Monthly Archives: July 2011

OpenIndiana based on Illumos is almost here!!

Finally, great news on the OpenIndiana and Illumos front:!/openindiana/statuses/93806371002265600

So, this means the first official development release of OpenIndiana based on Illumos is imminent, the latter being the first truly open-sourced, community-driven Solaris-derived kernel. This is big, big news, as many of Sun Microsystems’ brightest engineers have worked on Illumos via the companies they have since joined (ex-Oracle…) that are actively using Illumos for their business.

Seriously, I can’t wait 🙂


Yet another scathing appraisal of how Oracle is handling Solaris…

…by those who know it best, in this case Eric Schrock:

“It is with a sad heart, however, that I look at the work so many put into making OpenSolaris what it was, only to see it turned into the next HP-UX – a commercially relevant but ultimately technologically uninteresting operating system. This is not to denigrate the work of those at Oracle working on Solaris 11, but I personally believe that a truly innovative OS requires an engaged developer base interacting with the source code, and unique technologies that are adopted across multiple platforms. With no one inside or outside of Oracle believing the unofficial pinky swear to release source code at some abstract future date, many may wonder what will happen to the bevy of cutting edge technologies that made up OpenSolaris.

“…suffice to say that OpenSolaris is alive and well outside the walls of Oracle, so give it a spin and get involved!”


Problems with fonts embedded in OpenOffice 3.3.0-generated PDFs

Interesting problem encountered after purchasing some fonts from and using them in OpenOffice to generate a PDF. When opening the generated PDF in Adobe Reader 9 and 10 on Windows, Reader would throw up an error saying “Cannot extract the embedded font..some characters may not display or print correctly.”:

Adobe Reader PDF error

In addition, certain sentences would appear as a series of dots (instead of words). Oddly, the same PDF would open and display just fine in Evince.

It turns out this is a problem affecting specifically OpenOffice version 3.3.0 – which was the exact version I was using on my OpenIndiana oi_148 x86 system. You can read the bug report here:

The solution – as outlined in the above bug report – was to upgrade to LibreOffice 3.4.0. As LibreOffice has yet to be ported to OpenIndiana, I installed it in an Ubuntu 10.10 virtual machine, and after importing my .odt file and exporting it as PDF again, the file opened up fine in Adobe Reader.

Looking forward to LibreOffice on OpenIndiana!

Wait, so TeamViewer on Linux runs in Wine?


And after purchasing a license, I’m pleased to say running a test session works like a charm. So far, so good:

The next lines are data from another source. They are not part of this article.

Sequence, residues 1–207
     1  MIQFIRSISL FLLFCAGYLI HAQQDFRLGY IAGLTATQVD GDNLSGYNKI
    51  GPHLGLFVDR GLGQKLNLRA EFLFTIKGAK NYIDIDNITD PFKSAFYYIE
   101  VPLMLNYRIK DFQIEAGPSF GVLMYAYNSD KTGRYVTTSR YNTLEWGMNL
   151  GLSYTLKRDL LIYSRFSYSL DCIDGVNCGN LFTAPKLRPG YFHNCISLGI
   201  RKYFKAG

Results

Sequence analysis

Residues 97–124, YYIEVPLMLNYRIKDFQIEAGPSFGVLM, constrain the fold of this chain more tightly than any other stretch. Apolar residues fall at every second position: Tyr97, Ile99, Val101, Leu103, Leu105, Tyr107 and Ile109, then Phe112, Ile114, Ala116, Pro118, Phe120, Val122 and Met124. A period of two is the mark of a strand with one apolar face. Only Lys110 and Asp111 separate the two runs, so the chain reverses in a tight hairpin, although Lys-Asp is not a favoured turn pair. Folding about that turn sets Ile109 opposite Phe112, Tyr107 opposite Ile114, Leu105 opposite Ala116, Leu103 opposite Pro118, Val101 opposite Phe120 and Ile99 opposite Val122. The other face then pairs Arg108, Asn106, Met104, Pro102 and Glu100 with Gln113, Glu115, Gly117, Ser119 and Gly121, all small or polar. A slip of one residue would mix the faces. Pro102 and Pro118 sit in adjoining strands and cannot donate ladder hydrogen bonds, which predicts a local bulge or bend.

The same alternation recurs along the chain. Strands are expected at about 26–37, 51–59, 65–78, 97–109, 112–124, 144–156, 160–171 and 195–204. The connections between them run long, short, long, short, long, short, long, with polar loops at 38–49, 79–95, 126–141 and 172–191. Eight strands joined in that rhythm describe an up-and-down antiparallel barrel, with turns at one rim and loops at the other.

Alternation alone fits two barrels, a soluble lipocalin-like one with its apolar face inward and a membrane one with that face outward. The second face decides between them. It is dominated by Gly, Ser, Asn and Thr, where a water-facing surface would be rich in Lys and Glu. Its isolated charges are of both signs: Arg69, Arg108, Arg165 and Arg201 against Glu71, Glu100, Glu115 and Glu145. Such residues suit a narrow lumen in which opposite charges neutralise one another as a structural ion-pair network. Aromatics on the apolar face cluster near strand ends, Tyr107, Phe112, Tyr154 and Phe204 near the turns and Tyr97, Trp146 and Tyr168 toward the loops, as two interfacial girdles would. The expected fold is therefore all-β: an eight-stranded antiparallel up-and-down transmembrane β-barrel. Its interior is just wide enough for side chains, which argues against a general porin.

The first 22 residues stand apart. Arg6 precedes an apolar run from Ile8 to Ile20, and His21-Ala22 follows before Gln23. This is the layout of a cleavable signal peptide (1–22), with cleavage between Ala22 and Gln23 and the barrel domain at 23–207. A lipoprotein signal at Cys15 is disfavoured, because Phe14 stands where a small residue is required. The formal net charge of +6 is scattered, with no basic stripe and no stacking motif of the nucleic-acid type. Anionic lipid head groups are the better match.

TeamViewer on Ubuntu Linux

TeamViewer (and other remote assistance products)

So, I’m on the lookout for a cross-platform remote assistance product, which will allow me to remotely manage Linux, Mac OS X, and Windows computers from a machine running potentially the same operating system(s).

After having a sniff around online, it would appear that TeamViewer is the only application which really meets my needs, from the standpoints of a) feature set and functionality and b) licensing.

On the licensing point, it seems that TeamViewer is bucking what otherwise seems to be a popular method of delivering remote assistance products via a parasitic Software as a Service subscription: the thought of getting gouged every month for the privilege of using an application which I should really be able to install and use standalone is pretty unappealing, really.

A couple of examples of the other remote assistance products out there I briefly looked at before balking at the usage restrictions…

Leading the way in wacky product naming, check out LogMeIn. Let’s see, we have:

    LogMeIn Pro²
    LogMeIn Free
    LogMeIn Ignition
    LogMeIn Backup
    LogMeIn Rescue
    LogMeIn Hamachi²
    LogMeIn Central (“works with LogMeIn Pro², LogMeIn Free and LogMeIn Hamachi²” apparently…)

Aside from being subscription-based, not really being able to deduce which product does what without wading through the marketing materials is a massive turn-off. It’s a bit like the Microsoft Vista approach, designed for maximum confusion. Another win for TeamViewer, which is offered in three editions (Business, Premium, Corporate), plus a free-for-personal-use version.

And over here, we have GoToMyPC, and GoToAssist, both apparently made by the same outfit. At 70 bucks a month for the latter “service” (not even sure if that’s NZD), I’m pretty confident that TeamViewer by comparison would quickly work out as a better value.